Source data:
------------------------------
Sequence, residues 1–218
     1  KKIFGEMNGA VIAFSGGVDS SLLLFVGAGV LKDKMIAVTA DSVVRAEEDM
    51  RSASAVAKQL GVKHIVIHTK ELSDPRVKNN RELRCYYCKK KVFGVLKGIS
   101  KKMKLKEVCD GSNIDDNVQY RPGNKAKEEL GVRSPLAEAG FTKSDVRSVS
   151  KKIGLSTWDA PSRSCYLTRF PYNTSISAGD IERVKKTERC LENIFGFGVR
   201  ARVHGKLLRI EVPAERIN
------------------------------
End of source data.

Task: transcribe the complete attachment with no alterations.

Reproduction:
Sequence, residues 1–218
     1  KKIFGEMNGA VIAFSGGVDS SLLLFVGAGV LKDKMIAVTA DSVVRAEEDM
    51  RSASAVAKQL GVKHIVIHTK ELSDPRVKNN RELRCYYCKK KVFGVLKGIS
   101  KKMKLKEVCD GSNIDDNVQY RPGNKAKEEL GVRSPLAEAG FTKSDVRSVS
   151  KKIGLSTWDA PSRSCYLTRF PYNTSISAGD IERVKKTERC LENIFGFGVR
   201  ARVHGKLLRI EVPAERIN